The next sports phenomenon requires the network
On a sunny Saturday afternoon in New York City, loud unified chants of fans fill Barclay’s Center. Is this a basketball game? Hockey? Soccer? No, it is actually ESL One, one of the world’s largest esports tournaments.
As the gaming industry grows to become a $152 billion-a-year giant, with over 2.5 billion gamers globally, video games have evolved way beyond casual entertainment. We are now talking about esports – competitive multiplayer electronic games played by professional athletes for substantial cash prizes. Tournaments like ESL One attract thousands of spectators, and millions of fans streaming the event live.
ESL One was held at Barclays Center, a massive arena that several NBA and NHL teams call home. The seats were full, and big names sponsored the event. The enthusiastic crowd loudly supported their favorite teams, and also demanded a high degree of interaction with the game and the gamers. They and the millions streaming remotely will make comments on game play, play the game, and interact with each other and the players all in real time.
I was enthralled as I watched eight of the world’s best Counter-Strike Global Offensive teams square off. There was an enormous, high-definition screen above the teams that cycled through each player’s field-of-view on the battlefield, while three announcers (yep 3) rapidly called the play-by-play and provided color commentary.
I wondered, what are the network requirements for ESL to create the robust and secure infrastructure that makes all this possible? In a strange way, the network is on display during this live tournament almost like an NBA superstar’s shooting ability. If an image locked, frames are dropped, or a weapon doesn’t fire on cue, the world will see, and “the network” would be to blame. And don’t forget, there is a lot of money on the line.
Providing connectivity to large live events has always been a big challenge. It requires a complex and costly mobilization of resources and a slew of logistics. But when this infrastructure becomes the core platform over which the event takes place, as is the case for esports tournaments, where the game depends entirely on the computing power and the network, the stakes become much higher. There is no room for instability or buffering, latency needs to be invisible, everything needs to be redundant, secure, bullet-proof. Everyone is watching.
As a sign of things to come, the warm-up act at ESL One was not a band or a comedian, but professional players turning up to play against one another on their mobile devices as thousands of fans cheered on. Surely the day is close at hand where team esports go fully mobile. And instead of having five players on each team with 17,000 folks in the arena, you could have hundreds or even thousands of players on each team with hundreds of millions watching, all connected on a global wireless network. This will surely set a new standard for network responsiveness.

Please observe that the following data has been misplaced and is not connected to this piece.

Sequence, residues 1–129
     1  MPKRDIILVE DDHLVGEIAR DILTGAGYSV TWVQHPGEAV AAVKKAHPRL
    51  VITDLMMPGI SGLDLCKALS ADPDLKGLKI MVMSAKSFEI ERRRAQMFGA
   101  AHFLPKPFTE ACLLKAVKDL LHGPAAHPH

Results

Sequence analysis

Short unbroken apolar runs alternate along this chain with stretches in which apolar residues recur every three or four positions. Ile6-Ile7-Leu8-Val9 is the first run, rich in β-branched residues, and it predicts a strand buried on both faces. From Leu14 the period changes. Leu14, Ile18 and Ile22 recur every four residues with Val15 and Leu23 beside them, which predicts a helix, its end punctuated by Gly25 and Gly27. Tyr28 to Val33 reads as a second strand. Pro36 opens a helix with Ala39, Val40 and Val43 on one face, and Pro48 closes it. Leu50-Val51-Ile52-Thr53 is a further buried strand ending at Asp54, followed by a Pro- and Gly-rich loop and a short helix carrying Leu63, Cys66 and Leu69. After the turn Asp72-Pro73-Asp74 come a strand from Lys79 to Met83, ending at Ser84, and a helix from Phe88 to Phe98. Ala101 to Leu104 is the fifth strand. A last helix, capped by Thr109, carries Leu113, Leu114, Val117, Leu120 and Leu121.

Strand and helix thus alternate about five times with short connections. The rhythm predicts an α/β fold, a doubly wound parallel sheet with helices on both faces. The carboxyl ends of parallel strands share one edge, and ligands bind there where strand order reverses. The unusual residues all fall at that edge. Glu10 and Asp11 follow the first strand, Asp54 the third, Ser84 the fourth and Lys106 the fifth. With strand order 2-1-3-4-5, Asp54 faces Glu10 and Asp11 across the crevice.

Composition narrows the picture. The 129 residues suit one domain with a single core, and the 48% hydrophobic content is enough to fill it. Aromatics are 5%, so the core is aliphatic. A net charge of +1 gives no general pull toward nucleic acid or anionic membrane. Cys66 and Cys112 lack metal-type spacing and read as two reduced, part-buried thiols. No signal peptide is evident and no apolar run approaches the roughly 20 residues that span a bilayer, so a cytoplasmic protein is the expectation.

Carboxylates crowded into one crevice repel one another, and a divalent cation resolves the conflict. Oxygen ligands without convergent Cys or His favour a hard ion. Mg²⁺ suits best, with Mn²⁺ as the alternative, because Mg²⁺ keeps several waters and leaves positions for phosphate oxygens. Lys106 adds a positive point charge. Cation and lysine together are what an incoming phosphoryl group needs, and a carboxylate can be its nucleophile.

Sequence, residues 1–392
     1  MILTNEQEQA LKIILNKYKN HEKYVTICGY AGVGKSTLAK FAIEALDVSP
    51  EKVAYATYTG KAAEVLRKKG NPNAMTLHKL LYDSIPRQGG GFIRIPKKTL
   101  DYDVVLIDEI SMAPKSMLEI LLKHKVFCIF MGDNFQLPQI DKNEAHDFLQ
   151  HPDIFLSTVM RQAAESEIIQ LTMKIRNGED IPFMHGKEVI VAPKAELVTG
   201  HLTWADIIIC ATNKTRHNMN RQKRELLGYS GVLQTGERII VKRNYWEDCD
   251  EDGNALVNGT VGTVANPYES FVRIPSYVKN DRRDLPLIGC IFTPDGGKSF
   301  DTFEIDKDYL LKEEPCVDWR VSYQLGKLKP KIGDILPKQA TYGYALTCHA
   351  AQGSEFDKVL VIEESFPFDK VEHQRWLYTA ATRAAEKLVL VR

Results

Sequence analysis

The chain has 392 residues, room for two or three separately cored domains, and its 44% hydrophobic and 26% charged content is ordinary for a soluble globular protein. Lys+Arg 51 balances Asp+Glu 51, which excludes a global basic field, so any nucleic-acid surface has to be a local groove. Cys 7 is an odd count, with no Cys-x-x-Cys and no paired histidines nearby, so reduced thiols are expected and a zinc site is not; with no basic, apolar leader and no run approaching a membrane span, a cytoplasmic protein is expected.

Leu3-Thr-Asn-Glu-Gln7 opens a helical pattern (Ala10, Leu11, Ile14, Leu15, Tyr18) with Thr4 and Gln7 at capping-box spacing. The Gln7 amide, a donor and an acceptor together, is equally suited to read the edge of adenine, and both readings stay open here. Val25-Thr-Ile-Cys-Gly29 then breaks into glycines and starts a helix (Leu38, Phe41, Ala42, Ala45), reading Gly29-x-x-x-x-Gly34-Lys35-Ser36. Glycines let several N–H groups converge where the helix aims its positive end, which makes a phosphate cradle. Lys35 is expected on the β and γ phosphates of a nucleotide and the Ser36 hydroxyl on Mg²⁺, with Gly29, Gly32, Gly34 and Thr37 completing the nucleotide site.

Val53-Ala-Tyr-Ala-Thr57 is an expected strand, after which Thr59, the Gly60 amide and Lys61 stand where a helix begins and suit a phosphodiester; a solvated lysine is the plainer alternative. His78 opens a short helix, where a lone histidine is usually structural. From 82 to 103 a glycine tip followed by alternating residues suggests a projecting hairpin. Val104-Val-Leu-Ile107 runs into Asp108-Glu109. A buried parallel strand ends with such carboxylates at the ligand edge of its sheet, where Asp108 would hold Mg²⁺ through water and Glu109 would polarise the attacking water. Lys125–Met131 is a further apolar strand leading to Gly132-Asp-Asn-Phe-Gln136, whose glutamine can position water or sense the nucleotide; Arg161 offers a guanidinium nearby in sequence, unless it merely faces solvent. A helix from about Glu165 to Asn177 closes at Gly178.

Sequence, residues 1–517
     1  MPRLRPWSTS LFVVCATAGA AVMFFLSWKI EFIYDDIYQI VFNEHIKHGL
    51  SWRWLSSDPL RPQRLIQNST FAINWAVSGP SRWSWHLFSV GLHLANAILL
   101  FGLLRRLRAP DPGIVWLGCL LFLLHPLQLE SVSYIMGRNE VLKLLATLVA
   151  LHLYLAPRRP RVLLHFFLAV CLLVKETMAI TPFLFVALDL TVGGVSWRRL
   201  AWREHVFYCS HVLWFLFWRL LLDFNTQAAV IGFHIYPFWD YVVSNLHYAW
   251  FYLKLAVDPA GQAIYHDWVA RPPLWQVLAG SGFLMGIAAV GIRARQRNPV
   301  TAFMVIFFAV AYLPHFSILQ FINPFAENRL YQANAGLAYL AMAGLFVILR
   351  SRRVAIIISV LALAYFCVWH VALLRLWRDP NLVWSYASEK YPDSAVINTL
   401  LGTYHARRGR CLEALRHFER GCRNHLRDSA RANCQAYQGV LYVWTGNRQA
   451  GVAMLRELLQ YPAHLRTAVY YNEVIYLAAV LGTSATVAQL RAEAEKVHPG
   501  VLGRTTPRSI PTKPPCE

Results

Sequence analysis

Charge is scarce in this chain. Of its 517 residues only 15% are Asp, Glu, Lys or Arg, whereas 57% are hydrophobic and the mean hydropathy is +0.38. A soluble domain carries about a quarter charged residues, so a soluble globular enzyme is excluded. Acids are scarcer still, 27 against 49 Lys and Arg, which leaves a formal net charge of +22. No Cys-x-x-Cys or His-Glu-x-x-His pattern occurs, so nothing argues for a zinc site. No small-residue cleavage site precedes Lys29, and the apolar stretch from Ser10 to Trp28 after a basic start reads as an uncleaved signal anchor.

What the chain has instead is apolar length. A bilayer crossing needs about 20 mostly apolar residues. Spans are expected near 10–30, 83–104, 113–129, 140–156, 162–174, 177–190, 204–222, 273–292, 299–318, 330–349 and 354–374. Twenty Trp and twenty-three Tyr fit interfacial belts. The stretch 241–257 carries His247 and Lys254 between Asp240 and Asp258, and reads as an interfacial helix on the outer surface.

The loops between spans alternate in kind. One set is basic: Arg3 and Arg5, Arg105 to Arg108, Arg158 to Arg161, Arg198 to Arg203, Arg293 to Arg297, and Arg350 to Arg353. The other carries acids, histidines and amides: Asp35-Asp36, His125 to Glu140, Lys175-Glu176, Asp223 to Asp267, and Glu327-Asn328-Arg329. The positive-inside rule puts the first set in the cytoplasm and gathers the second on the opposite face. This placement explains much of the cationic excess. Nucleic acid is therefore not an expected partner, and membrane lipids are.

Esports tournaments are a complex microcosm of the critical role the network plays in this flourishing industry. But it’s just the beginning. Cloud-gaming has brought the processing power of a high-end gaming console to any screen, and the combination of edge computing and 5G will enable the bandwidth and low latency needed for this rich gaming experience on-the-go.
Interactivity will reach new levels, opening a whole new set of possibilities in the evolution of esports. Esports event producers aspire to leverage VR, AR and 4K, supported by this richer connectivity, breaking physical boundaries and redefining entertainment. The path of esports may also join with that of some traditional sports, which show increasing interest in leveraging gaming’s interactive experience to captivate a younger audience and improve fan engagement.
On the network front, we are not simply spectators of this phenomenon - we are the enablers of all these possibilities. We need to provide the bandwidth and latency to support it all, but mostly, we need to deliver network responsiveness to this ever-shifting and super sensitive demand – and at scale. The network to support the evolution of gaming and esports will need to adapt dynamically and intelligently, to optimally allocate resources while assuring the user experience. The way to get there is through the Adaptive Network™ vision.
A more adaptive network is imperative to enable the future of gaming. The numbers can’t be ignored. ESL packed Barclay’s stadium with 8,500 fans on each of the main event days, attracting a total of 6 million unique online viewers (almost 450,000 of them watching concurrently), and clocking over 8 million hours watched on multiple online streaming platforms. But ESL One is just one of thousands of esports tournaments around the world. The next phenomenon in sports is here, but it requires a network that is highly scalable, intelligent and agile. Can your network adapt?